Saskatchewan·REGINA BITES

Hungry? Bored? Regina's got The Cure

“We’re trying to be the ‘cure’ for whatever our customers need," says the co-owner of Regina's The Cure Kitchen and Bar. “If you’re bored, we have a cure for that. Hungry? Come on in. Looking for something to do on a Friday night? We can help.”

Local foodie eats his way through Regina to share his take on what’s good

Regina Bites: The Cure Kitchen and Bar

2 years ago
Duration 3:36
“We’re trying to be the ‘cure’ for whatever our customers need," says the co-owner of Regina's The Cure Kitchen and Bar.

Stepping into The Cure Kitchen and Bar in downtown Regina, a bench-to-ceiling built-in bookshelf along the back wall catches your eye. Donated by a former University of Regina professor, the books have become a part of the restaurant's identity: homey, bohemian and eclectic.

It's rustic and urban at the same time, with black paint and industrial furnishings juxtaposed with antique furniture, an old piano on stage and a cow skull hung on the wall. Paintings by local artists add pops of colour to exposed brick.

If the décor looks familiar, that's because it is: The Cure is the reincarnation of a previous establishment, the Artful Dodger, which operated seven blocks east on 11th Avenue and closed in 2017. The Cure's four co-owners worked together at the Artful Dodger and were given the opportunity to buy it out. They did, but also decided to relocate to 2323 11th Ave. and rebrand. They opened in 2018.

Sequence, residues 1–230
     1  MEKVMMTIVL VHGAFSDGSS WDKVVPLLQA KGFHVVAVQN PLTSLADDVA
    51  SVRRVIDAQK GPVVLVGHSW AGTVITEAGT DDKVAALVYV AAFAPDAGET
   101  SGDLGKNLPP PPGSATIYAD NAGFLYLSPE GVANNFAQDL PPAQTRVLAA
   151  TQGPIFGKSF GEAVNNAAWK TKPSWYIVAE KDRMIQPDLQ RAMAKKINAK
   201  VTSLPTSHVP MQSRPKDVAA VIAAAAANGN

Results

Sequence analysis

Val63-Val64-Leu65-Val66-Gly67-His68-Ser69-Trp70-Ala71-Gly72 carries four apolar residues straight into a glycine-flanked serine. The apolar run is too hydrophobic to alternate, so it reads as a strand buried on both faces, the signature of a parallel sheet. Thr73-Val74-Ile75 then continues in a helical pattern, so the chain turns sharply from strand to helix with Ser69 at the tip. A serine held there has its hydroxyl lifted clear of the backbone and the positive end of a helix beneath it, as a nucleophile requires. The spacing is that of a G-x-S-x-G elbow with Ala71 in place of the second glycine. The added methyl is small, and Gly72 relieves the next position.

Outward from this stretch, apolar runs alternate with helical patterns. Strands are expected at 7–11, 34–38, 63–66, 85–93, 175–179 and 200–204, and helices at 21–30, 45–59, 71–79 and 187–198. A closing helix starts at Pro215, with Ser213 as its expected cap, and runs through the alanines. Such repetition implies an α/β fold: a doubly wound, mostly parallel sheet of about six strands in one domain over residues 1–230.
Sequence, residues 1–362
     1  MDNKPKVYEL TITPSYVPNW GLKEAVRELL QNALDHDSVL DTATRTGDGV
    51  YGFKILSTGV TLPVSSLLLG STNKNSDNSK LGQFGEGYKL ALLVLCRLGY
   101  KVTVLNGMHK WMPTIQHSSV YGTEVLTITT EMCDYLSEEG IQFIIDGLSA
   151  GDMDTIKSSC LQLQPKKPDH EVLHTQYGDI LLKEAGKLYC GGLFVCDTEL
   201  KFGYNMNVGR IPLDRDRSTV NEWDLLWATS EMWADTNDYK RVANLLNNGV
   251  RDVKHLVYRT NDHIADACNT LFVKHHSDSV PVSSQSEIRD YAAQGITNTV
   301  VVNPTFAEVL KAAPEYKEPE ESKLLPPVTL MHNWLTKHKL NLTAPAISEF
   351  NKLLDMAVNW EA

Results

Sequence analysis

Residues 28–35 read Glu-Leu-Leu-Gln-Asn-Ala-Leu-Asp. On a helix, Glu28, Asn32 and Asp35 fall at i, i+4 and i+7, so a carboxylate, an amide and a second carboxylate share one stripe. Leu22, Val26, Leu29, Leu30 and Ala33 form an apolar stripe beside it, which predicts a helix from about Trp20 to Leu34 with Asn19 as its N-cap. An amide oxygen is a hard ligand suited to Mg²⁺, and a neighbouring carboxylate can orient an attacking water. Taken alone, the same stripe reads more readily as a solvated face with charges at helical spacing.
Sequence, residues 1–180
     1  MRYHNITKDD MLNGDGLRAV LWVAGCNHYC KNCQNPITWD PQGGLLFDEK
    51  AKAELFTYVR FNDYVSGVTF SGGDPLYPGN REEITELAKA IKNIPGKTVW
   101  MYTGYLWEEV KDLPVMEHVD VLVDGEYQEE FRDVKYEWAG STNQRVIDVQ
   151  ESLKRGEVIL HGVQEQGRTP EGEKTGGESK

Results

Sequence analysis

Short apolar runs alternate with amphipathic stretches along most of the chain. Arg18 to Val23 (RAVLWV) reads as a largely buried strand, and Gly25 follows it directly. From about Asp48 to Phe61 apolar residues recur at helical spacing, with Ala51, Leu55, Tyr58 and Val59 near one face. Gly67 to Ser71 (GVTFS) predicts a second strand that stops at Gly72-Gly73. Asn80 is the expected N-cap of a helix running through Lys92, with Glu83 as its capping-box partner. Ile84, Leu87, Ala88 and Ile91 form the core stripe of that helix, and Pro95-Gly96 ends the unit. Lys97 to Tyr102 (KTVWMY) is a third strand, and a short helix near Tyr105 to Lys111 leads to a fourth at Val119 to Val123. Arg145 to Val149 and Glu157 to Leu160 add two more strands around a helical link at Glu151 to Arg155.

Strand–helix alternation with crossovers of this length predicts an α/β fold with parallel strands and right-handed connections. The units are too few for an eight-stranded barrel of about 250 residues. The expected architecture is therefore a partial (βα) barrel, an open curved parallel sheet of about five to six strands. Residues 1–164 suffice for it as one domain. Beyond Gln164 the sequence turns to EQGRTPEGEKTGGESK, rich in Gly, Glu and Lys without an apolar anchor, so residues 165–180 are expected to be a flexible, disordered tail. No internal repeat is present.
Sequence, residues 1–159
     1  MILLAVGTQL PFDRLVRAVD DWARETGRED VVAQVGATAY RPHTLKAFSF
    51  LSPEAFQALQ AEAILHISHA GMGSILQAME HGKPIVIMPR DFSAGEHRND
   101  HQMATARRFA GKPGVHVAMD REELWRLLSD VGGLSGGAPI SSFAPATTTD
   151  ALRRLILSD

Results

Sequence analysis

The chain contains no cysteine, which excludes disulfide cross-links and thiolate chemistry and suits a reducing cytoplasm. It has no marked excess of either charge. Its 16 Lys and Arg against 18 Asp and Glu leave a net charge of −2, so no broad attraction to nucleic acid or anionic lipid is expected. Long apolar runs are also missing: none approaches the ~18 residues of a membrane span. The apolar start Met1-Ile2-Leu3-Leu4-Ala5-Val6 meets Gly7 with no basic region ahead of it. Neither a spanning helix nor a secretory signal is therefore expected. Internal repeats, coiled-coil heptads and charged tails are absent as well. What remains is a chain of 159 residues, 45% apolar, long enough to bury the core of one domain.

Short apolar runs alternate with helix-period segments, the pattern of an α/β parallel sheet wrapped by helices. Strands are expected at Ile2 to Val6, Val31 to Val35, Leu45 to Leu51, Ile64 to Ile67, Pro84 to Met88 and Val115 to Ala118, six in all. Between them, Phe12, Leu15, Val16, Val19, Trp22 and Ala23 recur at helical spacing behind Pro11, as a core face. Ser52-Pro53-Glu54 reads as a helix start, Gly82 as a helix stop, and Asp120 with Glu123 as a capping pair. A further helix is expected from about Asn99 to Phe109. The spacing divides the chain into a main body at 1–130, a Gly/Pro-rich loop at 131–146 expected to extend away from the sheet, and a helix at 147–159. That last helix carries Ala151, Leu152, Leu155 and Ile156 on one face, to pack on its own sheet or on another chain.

"It was a cool process in that we got to start from scratch," says co-owner Morgan Choquer. 

The Cure Kitchen and Bar in Regina is run by four co-owners, including Morgan Choquer, right. Its culinary creations are thanks to head chef Alan Heriberto Lopez Bayliss, left. (Allan Pulga)

She and her partners wanted to bring something they didn't feel existed in Regina: "a space that was kind of like a big city restaurant, where you go see live music or an open mic night or a comedy show; that has great food and supports local artists; that brings in cool DJs on the weekends. We wanted to add something to Regina's nightlife landscape, and we also wanted to better connect with the downtown lunch crowd than we could at our previous location."

The Cure name works on a number of levels. Music is a key element to the restaurant's ethos, and the co-owners are all fans of the British '80s pop band of the same name. There is also the act of curing meats, which head chef Alan Heriberto Lopez Bayliss does himself. 

Lastly, "We're trying to be the 'cure' for whatever our customers need," Choquer said. "If you're bored, we have a cure for that. Hungry? Come on in. Looking for something to do on a Friday night? We can help."

The Cure's owners bought out many assets from the Artful Dodger, which decorate the new restaurant today. A large bookshelf at the back is populated by tomes donated by a University of Regina professor. (Natascia Lypny/CBC)

Handcrafted with love

The food at The Cure is the handiwork of Lopez Bayliss, who says he wants customers to "taste the love" he and his staff put into the cuisine.